Such a control is not only of fundamental interest; it also has potential ground-breaking applications in different fields. Indeed, as a result of the collective relativistic motion of charges, ultrashort bursts of coherent light are emitted by the plasma electrons and beams of high-energy particles (electrons or ions) are expelled from the plasma. Because the laser field is so huge, particles can reach relativistic energies in very short distances before being expelled, and the light they emit extends up to the X-ray range. Such beams of high-energy photons and particles are known to be of high interest for many research fields, as probes of matter on very small scales. They also have societal applications, e.g. for non-destructive testing, or in medicine, for imaging or therapy (e.g. cancer protontherapy). They are however very difficult to obtain by ‘conventional’ means, often requiring large particle accelerators. UHI physics instead holds the promise of getting these beams from laser-driven table-top sources, with the additional benefit of ultrashort durations, suitable to probe matter with extreme resolutions in both time and space.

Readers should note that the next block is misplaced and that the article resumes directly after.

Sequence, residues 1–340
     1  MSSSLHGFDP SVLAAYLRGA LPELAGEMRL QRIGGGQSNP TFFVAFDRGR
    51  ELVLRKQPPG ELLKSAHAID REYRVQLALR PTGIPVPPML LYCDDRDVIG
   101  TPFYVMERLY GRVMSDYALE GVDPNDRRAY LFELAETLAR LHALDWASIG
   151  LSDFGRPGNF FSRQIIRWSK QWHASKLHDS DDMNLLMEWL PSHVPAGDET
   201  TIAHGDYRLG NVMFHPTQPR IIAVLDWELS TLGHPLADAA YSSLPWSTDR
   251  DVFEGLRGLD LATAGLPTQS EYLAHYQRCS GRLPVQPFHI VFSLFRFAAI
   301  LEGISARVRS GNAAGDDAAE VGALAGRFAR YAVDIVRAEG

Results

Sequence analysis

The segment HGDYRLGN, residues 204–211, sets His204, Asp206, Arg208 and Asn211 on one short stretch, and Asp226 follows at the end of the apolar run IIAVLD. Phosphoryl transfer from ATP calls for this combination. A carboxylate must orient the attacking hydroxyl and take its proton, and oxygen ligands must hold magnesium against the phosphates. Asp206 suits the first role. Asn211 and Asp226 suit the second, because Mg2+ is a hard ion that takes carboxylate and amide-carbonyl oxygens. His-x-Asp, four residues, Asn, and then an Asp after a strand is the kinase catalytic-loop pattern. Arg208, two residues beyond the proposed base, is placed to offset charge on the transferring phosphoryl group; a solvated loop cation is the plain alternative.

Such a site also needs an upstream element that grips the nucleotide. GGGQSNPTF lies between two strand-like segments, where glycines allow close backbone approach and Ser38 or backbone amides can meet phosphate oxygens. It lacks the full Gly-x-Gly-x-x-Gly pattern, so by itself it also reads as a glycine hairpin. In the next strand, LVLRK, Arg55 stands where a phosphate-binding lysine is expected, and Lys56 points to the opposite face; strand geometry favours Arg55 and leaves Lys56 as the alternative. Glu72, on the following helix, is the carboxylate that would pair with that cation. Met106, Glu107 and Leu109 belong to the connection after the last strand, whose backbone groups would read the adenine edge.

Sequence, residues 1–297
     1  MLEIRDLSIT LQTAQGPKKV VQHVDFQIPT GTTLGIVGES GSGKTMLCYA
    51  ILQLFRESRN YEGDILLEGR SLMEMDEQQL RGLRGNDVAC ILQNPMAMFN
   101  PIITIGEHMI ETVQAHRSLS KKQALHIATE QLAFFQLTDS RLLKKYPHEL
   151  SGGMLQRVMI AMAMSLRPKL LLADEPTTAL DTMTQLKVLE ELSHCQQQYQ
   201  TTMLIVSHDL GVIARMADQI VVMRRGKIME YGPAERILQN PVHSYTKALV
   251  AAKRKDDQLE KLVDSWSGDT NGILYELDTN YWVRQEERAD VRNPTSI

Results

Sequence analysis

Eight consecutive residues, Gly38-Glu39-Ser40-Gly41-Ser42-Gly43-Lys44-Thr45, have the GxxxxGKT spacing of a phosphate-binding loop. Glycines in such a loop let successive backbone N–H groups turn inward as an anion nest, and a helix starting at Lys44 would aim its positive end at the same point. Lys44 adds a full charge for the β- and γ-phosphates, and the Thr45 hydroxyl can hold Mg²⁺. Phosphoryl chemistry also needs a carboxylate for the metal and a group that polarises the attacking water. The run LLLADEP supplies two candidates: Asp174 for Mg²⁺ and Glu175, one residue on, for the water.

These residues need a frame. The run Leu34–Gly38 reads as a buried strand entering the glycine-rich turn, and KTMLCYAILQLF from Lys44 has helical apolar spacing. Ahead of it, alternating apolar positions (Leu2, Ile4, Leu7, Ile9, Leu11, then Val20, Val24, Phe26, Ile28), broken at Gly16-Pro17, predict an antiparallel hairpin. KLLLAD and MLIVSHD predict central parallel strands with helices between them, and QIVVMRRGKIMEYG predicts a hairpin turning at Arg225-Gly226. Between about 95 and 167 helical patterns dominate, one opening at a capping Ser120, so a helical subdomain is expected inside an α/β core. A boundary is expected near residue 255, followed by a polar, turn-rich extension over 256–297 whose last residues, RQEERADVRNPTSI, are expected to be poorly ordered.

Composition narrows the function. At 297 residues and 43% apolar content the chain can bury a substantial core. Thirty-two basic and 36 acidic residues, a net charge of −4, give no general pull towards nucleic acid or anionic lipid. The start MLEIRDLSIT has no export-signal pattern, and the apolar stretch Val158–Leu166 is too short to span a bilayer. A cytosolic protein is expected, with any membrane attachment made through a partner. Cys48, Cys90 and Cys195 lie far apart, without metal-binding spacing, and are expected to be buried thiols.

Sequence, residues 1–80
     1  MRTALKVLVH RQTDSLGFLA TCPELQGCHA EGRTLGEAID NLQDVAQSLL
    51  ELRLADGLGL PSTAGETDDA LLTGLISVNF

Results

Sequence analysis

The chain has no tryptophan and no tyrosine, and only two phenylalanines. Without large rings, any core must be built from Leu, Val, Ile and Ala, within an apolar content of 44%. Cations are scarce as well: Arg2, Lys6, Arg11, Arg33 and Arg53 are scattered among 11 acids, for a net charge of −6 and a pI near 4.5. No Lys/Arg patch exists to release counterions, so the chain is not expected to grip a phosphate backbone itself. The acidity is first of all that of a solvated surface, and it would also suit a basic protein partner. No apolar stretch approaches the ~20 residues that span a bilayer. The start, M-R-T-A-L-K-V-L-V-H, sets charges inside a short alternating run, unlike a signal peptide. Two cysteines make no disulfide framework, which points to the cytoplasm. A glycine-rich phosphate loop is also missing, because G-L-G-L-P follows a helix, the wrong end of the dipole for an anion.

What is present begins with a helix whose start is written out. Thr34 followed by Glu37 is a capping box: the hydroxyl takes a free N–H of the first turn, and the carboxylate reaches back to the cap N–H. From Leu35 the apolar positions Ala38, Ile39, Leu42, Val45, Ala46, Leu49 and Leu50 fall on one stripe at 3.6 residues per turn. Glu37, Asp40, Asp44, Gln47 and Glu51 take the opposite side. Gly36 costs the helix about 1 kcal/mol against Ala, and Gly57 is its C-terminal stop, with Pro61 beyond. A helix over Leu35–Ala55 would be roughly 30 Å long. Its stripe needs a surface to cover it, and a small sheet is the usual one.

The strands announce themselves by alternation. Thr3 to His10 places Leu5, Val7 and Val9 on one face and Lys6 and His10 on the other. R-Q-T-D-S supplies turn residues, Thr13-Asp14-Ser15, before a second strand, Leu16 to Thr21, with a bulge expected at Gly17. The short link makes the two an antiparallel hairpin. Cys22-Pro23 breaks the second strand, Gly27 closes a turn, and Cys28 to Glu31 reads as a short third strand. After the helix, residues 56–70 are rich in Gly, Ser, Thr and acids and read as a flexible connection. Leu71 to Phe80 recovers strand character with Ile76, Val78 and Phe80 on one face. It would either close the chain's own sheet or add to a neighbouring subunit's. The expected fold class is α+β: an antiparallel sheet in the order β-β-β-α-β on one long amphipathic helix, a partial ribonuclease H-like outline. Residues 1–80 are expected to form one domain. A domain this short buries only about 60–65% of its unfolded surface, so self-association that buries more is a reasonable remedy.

Until now, advances in Ultra-High Intensity Physics have largely relied on a quest for the highest laser intensities, pursued by pushing the technology to its limits (highest possible laser pulse energy, focused to a diffraction-limited focal spot, with a Fourier-transform limited pulse duration), in order to reach more extreme interaction regimes. The ultimate limit of this approach is the so-called 'lambda cubed' regime , where a ‘light bullet’ of lambda/c duration is focused on a focal spot of ≈lambda^2 area, where lambda is the laser wavelength.

In contrast, this project aims at establishing a new paradigm in Ultra-High Intensity Physics, by demonstrating the huge potential of using sophisticated ‘structured’ laser beams to drive UHI laser plasma-interactions –in other words, the potential of intentionally ‘distorting’ the laser field in space-time in controlled ways, at the expense of only slight reductions in laser intensities. These structured beams will in general consist of light fields E(r,t) and B(r,t) whose direction, amplitude or phase are shaped in space and/or time, such as beams with ultrafast wavefront rotation, or beams carrying orbital angular momentum (OAM). Based on this general paradigm, we will establish two novel concepts, which will impact both the physics of UHI interactions and their foreseen applications: